In June, Mwanga sent a flotilla of canoes, with three hundred oarsmen to bring Mapeera and his missionary companions back to Buganda. On July 12 they received a warm welcome and were installed at Nalukolongo, near the royal palace of Rubaga. The three years’ absence of Lourdel and his missionary companions had the paradoxical effect of strengthening Christian foundations in Buganda. They had been forbidden to evangelize outside the capital. Consequently, there was a Christian nucleus at court. This continued to meet clandestinely for prayer and catechism, and to add to its numbers. Although the missionaries’ teaching was deeply rooted in the Biblical narratives, it did not, at that time, depend on literacy or on written literature. Christian teaching continued to be transmitted by word of mouth in their absence. Lourdel and his companions emphasized the life of prayer and moral conversion, and these continued to be stressed in their absence. During the plague, Ganda Christians baptized some eighty people in danger of death, half of whom survived. When Lourdel returned, he found three times as many baptized Christians as he had left. One of the neophytes was Princess Nalumansi, the favourite daughter of King Mutesa. Moreover, village chiefs who had become Christians were beginning to assemble groups of believers around them at centres outside the capital.
Lourdel returned to Buganda at a moment of crisis, when the king, Mwanga, was about to commence a cruel persecution. It is not intended here to relate the story of Lourdel’s involvement with each and every one of the Catholic Martyrs. It is enough to say that, from the death of the proto-martyr, Joseph Mukasa Balikuddembe towards the end of 1885, right up to the martyrdom of Jean-Marie Muzeyi, the last of the Catholic martyrs, at the beginning of 1887, Siméon Lourdel was the inspiration and mentor of them all. Lourdel’s goodness and his ardent faith were clearly imparted to these intrepid young men. He strengthened their resolve to make a stand for justice and virtue, in particular to resist the king’s homosexual abuse. Some of them he personally baptized as danger loomed. When he could, he attempted to see the king and secure their reprieve - alas, in vain. He agonized with them, waiting outside the royal enclosure and sometimes witnessing their arrest, as he did on May 26, 1886, when he saw sixteen of his converts and ten Anglicans making their way in fetters to the execution site of Namugongo. Without any doubt, their deaths were also his own martyrdom. With them, he died a score of deaths, torn between admiration and sorrow. The name of Mapeera is forever linked with the twenty-two Catholic Martyrs of Uganda.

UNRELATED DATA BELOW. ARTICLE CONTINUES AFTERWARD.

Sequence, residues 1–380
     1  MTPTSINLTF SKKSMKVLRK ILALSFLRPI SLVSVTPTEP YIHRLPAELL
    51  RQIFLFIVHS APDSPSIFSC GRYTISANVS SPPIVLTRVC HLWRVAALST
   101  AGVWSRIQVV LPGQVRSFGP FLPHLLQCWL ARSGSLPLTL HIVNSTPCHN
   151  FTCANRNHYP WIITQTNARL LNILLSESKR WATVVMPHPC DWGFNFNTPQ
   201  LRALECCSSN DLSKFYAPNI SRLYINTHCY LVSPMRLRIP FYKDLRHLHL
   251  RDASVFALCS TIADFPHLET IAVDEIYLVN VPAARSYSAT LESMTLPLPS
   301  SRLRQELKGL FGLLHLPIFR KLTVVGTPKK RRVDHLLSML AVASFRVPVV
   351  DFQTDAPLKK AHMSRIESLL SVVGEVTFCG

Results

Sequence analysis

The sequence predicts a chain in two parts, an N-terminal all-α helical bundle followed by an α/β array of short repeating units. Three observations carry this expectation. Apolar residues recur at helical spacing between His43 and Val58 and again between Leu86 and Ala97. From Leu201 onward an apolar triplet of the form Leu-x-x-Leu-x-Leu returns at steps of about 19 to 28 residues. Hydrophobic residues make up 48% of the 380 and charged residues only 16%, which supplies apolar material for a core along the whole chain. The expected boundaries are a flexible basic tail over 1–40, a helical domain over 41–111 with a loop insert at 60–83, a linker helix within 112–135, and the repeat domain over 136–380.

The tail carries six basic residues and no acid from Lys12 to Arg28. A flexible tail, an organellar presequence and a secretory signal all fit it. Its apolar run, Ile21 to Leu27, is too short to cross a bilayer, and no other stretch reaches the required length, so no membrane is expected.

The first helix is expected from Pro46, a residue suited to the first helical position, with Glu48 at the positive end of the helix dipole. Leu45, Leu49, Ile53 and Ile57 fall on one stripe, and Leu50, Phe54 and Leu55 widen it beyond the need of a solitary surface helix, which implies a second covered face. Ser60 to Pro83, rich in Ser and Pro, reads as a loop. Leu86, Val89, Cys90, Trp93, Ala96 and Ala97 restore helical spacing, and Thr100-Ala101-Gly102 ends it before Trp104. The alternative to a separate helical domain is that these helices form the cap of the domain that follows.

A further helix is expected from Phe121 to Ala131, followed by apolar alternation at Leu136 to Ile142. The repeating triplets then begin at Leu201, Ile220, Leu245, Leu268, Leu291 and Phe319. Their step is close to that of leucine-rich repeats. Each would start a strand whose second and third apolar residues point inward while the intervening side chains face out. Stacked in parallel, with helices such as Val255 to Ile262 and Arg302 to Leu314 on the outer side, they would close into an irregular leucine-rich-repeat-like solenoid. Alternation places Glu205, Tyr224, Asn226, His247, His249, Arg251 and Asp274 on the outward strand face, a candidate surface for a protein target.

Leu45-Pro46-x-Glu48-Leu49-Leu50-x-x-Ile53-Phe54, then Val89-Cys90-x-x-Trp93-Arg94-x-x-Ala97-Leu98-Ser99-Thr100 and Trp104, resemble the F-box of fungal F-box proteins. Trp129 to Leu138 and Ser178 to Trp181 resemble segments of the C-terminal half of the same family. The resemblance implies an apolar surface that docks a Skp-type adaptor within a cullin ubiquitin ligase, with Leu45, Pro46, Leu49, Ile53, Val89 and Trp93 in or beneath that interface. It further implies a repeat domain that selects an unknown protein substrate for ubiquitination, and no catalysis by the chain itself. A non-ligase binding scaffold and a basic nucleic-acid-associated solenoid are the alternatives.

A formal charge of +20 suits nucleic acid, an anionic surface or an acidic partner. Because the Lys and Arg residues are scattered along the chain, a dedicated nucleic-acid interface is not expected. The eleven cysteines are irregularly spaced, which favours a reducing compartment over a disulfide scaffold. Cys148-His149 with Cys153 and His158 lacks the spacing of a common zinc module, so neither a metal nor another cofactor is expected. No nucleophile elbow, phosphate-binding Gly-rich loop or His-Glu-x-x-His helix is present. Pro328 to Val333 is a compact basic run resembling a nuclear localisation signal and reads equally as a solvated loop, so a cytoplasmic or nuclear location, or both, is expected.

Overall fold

In the midst of these tremendous events, Lourdel continued with the work of establishing the new mission station at Nalukolongo. In May 1886, Léon Livinhac, now first Catholic bishop of Nyanza, returned in the midst of the persecution, bringing a small printing press. By December 1885, the number of baptized had grown from sixty to more than one hundred and sixty, and by March 1887 to close on four hundred and fifty. Lourdel and his companions had also prepared a Luganda translation of the Sunday gospel readings, which they were distributing. Suffering and persecution brought Catholic and Anglican missionaries together. Although, they were all under constant threat from the king, Lourdel continued to collect testimonies of the martyrdoms.